Warning: This article contains details and homophobic terms that may cause distress
When grazier Mathew Dunbar threatened to take his own life his partner took no action, later telling police she thought he was just “having one of his poofter hissy fits”.
Five days later, Natasha Beth Darcy claims Mr Dunbar took an overdose of his medication before writing a text to her at 11.21pm on June 20 stating: “I’m sorry beautiful lady for everything I’ve put you through – you deserve better than this.”
Ms Darcy never called for help following the purported suicide attempt.
The next day two local police officers – who turned up at Mr Dunbar’s sheep property unannounced – found Mr Dunbar unsteady on his feet and unable to talk; allegedly affected by something.
In his closing address to the jury, Crown prosecutor Brett Hatfield argued Ms Darcy was behind – what she claimed – was a second suicide attempt by Mr Dunbar.
“The accused asserts there was an overdose. We say you would infer that any overdose was an overdose given to the deceased by the accused at that time,” Mr Hatfield said.
He said the text message sent to her phone was a “purported suicide note in case (the overdose) was successful”.
Mr Hatfield also told the NSW Supreme Court jury Ms Darcy’s “nasty and callous” comments about Mr Dunbar having a “poofter hissy fit” indicated how “completely unconcerned with his welfare” she was.
Mr Dunbar was found dead on his 1200 acre property ‘Pandora’ at Walcha near Tamworth in the early hours of August 2, 2017.
It’s the Crown case Ms Darcy drugged him with a cocktail of sedatives blended in a NutriBullet before gassing him in his bedroom.
Despite telling police Mr Dunbar had died by suicide, Ms Darcy told her murder trial she “aided and abetted” his suicide. She has pleaded not guilty to murder.
It is the Crown case that while Mr Dunbar had decided he wanted to live, Ms Darcy was busy researching various methods of death and suicide, motivated by the knowledge she would inherit his multimillion-dollar estate which she had been made the sole beneficiary of.
“It was the death of the deceased the accused was interested in. She was without any income herself, dependent on him financially… she would have been giving much thought to his death.”
The jury were reminded of hundreds of searches allegedly undertaken by Ms Darcy including when she Googled, “how to commit murder” minutes before using her phone to film a local rugby game on June 25, 2017, the court heard.
“After her partner’s so-called suicide attempt, she’s Googling, ‘how to commit murder’. The inferences that you can draw are clear. We say it speaks volumes,’ Mr Hatfield told the court.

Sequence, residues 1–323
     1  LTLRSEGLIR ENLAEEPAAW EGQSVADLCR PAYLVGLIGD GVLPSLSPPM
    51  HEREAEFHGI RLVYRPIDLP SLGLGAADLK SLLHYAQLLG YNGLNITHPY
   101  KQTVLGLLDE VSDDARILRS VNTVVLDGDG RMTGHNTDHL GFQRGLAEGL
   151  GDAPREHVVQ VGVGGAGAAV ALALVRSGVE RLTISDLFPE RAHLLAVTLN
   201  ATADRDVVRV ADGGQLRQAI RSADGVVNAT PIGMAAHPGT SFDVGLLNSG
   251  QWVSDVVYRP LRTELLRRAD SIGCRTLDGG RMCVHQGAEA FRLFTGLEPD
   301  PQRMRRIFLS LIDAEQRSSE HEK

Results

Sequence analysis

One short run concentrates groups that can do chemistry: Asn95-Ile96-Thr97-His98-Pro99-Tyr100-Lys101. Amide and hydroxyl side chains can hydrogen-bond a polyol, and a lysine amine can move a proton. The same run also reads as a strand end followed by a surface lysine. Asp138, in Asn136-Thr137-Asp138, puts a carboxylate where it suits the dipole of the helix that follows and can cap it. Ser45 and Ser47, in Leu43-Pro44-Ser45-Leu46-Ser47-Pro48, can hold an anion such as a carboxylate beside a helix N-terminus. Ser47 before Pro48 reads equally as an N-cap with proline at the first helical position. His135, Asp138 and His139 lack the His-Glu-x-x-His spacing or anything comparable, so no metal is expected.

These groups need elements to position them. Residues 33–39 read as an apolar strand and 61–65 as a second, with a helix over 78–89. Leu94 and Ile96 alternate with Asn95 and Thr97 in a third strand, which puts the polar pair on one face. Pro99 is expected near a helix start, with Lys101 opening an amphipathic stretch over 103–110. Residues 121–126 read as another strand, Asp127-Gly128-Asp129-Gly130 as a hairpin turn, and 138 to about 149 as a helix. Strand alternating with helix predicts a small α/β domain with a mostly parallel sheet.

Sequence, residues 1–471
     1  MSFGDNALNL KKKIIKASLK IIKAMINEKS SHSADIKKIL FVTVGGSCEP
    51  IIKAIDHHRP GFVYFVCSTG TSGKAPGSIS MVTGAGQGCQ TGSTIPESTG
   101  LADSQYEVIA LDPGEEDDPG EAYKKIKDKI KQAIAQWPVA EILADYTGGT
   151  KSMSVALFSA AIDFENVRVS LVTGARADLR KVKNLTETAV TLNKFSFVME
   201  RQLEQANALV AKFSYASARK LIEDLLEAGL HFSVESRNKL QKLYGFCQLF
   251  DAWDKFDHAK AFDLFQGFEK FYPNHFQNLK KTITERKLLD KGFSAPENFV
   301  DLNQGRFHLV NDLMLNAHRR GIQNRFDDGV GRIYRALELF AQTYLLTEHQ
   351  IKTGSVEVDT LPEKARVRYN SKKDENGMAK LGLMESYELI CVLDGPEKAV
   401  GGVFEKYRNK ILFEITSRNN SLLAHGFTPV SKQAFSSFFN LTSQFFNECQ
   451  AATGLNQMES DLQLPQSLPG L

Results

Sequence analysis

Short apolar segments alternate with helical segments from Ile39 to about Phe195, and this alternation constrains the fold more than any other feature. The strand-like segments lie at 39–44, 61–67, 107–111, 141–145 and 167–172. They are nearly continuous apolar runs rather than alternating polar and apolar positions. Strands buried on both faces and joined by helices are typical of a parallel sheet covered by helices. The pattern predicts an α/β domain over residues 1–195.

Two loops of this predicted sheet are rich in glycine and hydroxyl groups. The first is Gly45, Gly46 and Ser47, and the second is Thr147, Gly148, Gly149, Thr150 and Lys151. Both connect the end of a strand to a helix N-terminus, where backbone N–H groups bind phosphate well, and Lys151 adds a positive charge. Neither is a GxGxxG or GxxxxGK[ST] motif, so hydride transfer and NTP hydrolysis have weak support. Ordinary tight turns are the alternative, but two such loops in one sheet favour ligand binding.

Mr Hatfield also reminded the jury of a series of searches undertaken on Ms Darcy’s phone including:
- Murder by stroke
- Murder by inducing heart attack
- 99 undetectable poisons
“We say again these searches are indicative of a person interested in the murder of someone,” Mr Hatfield said.
‘[There is] no reason why a person is going to be looking at ’99 undetectable poisons’ in relation to their own suicide, none at all. She intended throughout this period to murder the deceased.
“There is significant volume of searches in relation to death, murder, suicide on the accused’s phone and comparatively next to nothing – basically nothing – on the deceased’s phone.
“We submit to you that’s very, very significant and the volume of material is very, very significant…indicating it was the accused that sought the death of the deceased, not the deceased.”
The jury were also reminded of the evidence given by a law student who said she sold $100 worth of antipsychotic drugs – Paliperidone and Seroquel – to Ms Darcy in the lead up to Mr Dunbar’s death.
The court heard Ms Darcy said she needed the drugs to help her “gay business partner” – who had an inoperable brain tumour – to sleep.
Earlier in the trial, the jury watched a police interview with Ms Darcy where she joked about his love of shopping less than 12 hours after his death, telling detectives, “it must have been the gay in him”.
After the court heard she bought the drugs on July 25 – one week before she allegedly killed Mr Dunbar – the prosecution argues she searched the following on her phone:
- Can you inject Paliperidone
- Can you inject paliperidone tablets
- Seroquel overdose
“That’s just after she got them from (the law student), who she told it was to help the deceased sleep,” Mr Hatfield said.
“The inference is clear as to the purpose for which she got them and what she intended to do with them.”
Mr Hatfield’s closing address continues.
Readers seeking support and information about suicide prevention can contact Lifeline on 13 11 14. National Domestic Violence Service: 1800 RESPECT (1800 737 732). If you are in immediate danger call Triple Zero (000).